It’s time to talk about Pando, the world’s largest alive thing:
“Pando (or The Trembling Giant) is a clonal colony of a single male Quaking Aspen (Populus tremuloides) tree located in the U.S. state of Utah, all determined to be part of a single living organism by identical genetic markers, and one massive underground root system. The plant is estimated to weigh collectively 6,000 tonnes (six million kilograms), placing it as the heaviest known organism in existence. The root system of Pando is estimated to be the oldest known living being in existence at 80,000 years of age.
Pando is thought to have grown for much of its lifetime under ideal circumstances: frequent fires have prevented its main competitor, conifers, from colonizing the area, and climate change, transitioning from a wet and humid weather pattern to semi-arid, has obstructed widespread seedling establishment and the accompanying rivalry from younger aspens.
During intense fires, the organism survived by its root system, sending up new stems in the aftermath of each wildfire. Due to its age, the climate into which Pando was born is markedly different from that of today, and it may be as many as ten millennia since Pando’s last successful flowering, according to an OECD report:
Clonal groups of P. tremuloides in eastern North America are very common, but generally less than 0.1 ha in size, while in areas of Utah, groups as large as 80 ha have been observed (Kemperman and Barnes 1976). In the semi-arid western United States, some argue that widespread seedling establishment has not occurred since the last glaciation, some 10,000 years ago (Einspahr and Winton 1976, McDonough 1985). Indeed, some biologists feel that western clones could be as old as 1 million years (Barnes 1966, 1975). It has been claimed that a single clone, nicknamed “Pando” (Latin for I spread), covers 43 hectares, contains more than 47,000 stems and weighs in excess of 6 million kg, making it the largest known organism (Grant et al. 1992, Mitton and Grant 1996)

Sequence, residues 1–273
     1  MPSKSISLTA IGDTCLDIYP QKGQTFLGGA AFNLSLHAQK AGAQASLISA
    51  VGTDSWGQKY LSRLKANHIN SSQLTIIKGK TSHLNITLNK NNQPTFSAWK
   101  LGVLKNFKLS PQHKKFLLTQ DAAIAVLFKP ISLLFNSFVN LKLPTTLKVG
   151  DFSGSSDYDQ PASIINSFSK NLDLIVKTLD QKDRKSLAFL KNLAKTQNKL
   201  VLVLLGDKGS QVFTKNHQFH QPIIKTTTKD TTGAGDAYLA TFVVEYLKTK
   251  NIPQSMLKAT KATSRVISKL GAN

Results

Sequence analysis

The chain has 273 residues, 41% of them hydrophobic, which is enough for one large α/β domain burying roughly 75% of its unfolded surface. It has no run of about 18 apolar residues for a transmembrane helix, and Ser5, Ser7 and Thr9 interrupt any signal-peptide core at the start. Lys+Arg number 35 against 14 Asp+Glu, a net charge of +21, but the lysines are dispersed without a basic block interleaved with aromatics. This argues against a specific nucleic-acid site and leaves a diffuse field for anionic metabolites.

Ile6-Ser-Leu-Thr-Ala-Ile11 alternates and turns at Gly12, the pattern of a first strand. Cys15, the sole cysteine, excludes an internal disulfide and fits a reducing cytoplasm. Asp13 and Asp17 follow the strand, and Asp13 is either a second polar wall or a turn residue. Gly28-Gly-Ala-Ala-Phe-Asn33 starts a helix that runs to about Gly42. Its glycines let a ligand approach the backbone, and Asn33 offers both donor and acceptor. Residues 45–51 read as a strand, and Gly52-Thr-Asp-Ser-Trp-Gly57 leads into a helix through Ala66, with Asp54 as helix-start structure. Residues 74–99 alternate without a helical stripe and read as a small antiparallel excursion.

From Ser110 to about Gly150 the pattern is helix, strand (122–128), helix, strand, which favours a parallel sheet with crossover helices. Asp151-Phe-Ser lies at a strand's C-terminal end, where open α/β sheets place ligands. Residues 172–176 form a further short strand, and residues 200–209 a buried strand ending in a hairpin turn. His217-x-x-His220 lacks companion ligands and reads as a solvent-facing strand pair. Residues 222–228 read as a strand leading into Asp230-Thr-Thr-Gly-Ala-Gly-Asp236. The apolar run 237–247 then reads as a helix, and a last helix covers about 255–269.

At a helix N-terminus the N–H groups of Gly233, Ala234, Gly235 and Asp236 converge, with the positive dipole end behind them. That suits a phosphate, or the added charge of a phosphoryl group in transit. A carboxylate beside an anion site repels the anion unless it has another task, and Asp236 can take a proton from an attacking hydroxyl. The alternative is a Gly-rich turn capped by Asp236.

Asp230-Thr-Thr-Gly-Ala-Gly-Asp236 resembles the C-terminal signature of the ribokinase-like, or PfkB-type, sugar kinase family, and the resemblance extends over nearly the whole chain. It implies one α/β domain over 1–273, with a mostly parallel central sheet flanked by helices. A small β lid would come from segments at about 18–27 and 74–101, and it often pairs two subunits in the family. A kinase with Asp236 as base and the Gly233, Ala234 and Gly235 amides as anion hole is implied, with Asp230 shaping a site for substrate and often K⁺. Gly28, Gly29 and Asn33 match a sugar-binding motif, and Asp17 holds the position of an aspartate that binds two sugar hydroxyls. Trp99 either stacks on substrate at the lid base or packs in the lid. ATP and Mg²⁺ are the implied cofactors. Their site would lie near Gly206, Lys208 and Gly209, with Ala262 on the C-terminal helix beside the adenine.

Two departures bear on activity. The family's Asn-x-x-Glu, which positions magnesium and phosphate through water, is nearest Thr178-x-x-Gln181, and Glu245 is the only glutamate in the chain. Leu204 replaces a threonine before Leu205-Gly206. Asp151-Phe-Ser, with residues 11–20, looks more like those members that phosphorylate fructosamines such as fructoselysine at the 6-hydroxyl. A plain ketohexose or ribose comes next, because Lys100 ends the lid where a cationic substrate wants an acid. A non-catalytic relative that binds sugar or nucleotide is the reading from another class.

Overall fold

The clone encompasses 43 hectares (107 acres) and has around 47,000 trunks, which continually die and are renewed by its roots. The trunks are connected together by its root system. The average age of Pando’s trunks (or technically, stems) is 130 years, as deciphered by tree rings.
…In comparison to Pando’s most widely held total age of 80,000 years, the most accepted view among current anthropologists is that Homo sapiens first migrated out of Africa to Eurasia and Oceania only 40,000 years ago, and finally to the Americas 10,000 years ago.”